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Old 11-25-2019, 10:26 AM
FrankHudson FrankHudson is offline
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Location: Minneapolis, MN
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I have limited knowledge of several DAWs--and as some have said above modern recording software has so many features that learning all of them is a mighty task.

Your question is sort of like asking which language is easiest to learn. While it is possible to make distinctions between one language and another regarding things like tenses, amount of gendered words, usage rules and so on, those differences tend to even out in the larger scheme of things.

Conceptually I find that the range of DAWs I've at least fooled around with have similar feature sets,* but the great frustration is that the terminology and workflow for each feature is most always particular to each DAW. Another thing that frustrates new users is that so much of what they do on their screens is based on small screen gadgets and buttons, some of which modify themselves with additional keypresses, clicks, contexts, or "views", so that they seem to come and go. Learning what each "button" means and how they come and go or in what context a choice is offered is a part of the learning curve.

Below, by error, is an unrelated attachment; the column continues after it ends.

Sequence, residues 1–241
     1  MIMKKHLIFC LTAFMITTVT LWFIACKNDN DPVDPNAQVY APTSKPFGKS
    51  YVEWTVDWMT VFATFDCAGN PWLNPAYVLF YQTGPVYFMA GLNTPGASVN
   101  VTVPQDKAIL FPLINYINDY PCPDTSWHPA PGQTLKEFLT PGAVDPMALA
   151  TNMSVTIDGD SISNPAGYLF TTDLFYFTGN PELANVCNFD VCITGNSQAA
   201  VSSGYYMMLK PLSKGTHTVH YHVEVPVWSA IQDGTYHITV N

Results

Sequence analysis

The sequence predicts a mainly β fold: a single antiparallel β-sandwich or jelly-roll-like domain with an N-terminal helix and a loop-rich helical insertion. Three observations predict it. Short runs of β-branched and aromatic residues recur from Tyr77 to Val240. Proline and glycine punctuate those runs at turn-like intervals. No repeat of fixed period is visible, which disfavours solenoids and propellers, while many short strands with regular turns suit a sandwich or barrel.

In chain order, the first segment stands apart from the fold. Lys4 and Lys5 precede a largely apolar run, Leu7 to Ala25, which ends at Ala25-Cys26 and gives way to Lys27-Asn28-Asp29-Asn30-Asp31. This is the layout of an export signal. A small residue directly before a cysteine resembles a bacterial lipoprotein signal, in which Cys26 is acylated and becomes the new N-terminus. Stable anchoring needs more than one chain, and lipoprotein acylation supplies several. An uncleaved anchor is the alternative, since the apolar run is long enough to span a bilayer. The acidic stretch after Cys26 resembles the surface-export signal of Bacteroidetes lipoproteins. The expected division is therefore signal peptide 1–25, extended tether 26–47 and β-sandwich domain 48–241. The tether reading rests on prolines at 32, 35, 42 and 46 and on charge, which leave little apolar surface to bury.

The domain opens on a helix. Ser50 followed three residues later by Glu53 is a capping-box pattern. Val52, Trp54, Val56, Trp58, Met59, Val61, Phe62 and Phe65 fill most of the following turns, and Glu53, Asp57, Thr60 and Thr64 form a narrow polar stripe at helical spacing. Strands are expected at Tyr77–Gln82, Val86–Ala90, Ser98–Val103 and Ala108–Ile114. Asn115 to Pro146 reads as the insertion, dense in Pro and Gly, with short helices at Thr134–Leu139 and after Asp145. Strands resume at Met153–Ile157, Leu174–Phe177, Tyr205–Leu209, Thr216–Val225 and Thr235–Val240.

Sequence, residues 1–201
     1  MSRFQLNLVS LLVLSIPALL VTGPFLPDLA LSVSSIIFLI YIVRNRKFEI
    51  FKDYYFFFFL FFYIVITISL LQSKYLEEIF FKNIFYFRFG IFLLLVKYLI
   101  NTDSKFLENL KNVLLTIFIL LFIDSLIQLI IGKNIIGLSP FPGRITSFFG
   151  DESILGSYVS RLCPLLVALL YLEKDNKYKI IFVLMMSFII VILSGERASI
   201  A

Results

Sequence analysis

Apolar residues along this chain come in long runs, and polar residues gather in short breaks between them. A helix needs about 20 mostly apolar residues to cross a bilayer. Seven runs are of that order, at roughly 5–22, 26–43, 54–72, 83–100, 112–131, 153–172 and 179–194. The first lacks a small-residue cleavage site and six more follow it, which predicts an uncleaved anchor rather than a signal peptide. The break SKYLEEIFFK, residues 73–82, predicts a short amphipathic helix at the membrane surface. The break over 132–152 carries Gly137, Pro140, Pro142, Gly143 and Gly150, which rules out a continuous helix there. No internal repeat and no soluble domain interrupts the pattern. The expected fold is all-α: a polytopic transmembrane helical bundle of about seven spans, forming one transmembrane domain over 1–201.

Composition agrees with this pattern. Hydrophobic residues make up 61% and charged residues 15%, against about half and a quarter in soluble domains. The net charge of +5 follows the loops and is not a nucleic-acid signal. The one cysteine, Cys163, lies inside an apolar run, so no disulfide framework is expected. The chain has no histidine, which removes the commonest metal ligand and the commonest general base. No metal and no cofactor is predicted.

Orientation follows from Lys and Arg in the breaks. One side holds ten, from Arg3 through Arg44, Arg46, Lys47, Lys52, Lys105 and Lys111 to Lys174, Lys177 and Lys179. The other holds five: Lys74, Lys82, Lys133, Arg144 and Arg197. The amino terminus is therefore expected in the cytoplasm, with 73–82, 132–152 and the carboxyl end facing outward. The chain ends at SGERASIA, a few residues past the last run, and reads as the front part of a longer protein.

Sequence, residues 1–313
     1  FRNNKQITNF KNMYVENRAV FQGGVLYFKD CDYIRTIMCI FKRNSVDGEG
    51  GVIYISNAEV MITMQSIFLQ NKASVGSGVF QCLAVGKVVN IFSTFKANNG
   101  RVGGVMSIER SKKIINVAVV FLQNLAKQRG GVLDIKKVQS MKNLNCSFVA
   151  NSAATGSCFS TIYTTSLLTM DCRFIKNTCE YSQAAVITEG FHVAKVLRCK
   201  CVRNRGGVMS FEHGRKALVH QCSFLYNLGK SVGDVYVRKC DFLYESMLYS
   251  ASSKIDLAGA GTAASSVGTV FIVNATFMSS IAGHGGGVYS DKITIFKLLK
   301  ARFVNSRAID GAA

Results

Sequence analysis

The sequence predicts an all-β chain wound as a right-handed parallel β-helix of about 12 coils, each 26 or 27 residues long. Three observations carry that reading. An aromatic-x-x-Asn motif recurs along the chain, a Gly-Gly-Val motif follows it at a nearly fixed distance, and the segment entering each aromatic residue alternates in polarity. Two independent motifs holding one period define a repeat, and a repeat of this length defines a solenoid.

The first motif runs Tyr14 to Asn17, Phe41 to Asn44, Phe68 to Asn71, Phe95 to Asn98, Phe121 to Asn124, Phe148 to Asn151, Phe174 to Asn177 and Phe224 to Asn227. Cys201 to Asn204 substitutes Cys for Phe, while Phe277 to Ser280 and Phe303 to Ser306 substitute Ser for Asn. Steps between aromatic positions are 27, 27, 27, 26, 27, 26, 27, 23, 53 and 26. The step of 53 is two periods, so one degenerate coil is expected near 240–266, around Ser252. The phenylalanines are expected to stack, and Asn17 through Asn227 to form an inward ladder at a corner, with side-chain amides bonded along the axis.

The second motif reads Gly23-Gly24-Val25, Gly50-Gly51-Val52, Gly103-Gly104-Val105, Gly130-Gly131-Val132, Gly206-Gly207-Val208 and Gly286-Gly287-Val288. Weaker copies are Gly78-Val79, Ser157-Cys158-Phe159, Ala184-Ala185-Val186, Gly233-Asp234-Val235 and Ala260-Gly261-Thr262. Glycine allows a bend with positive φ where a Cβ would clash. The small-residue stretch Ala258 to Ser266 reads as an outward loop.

Still the flexibility of what one can do, the kind of "real world" problems they can efficaciously solve just can't be beat!

So my bottom line answer is that when you move to a foreign country (a new DAW) you will need to learn the language and the new lay of the land. You don't have to learn everything all at once, you can't become like a "native" overnight. I would worry more about whatever you can predict about stability of the platform in the future and amount of easily accessible tutorials. Of course nothing about those things are a sure bet. In considering it you have to play the odds.



*Audacity still has as a more limited feature set, which makes it a bit easier to learn to do the most basic recording things I think. I sense you're looking to expand what you can do beyond Audacity.
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